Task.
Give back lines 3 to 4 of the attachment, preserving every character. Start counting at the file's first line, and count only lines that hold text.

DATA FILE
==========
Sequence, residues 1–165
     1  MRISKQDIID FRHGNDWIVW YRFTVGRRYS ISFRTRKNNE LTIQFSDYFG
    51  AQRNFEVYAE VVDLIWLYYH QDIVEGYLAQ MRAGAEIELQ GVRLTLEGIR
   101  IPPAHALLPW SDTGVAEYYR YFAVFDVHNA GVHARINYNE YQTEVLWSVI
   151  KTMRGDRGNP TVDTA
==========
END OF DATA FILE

    51  AQRNFEVYAE VVDLIWLYYH QDIVEGYLAQ MRAGAEIELQ GVRLTLEGIR
   101  IPPAHALLPW SDTGVAEYYR YFAVFDVHNA GVHARINYNE YQTEVLWSVI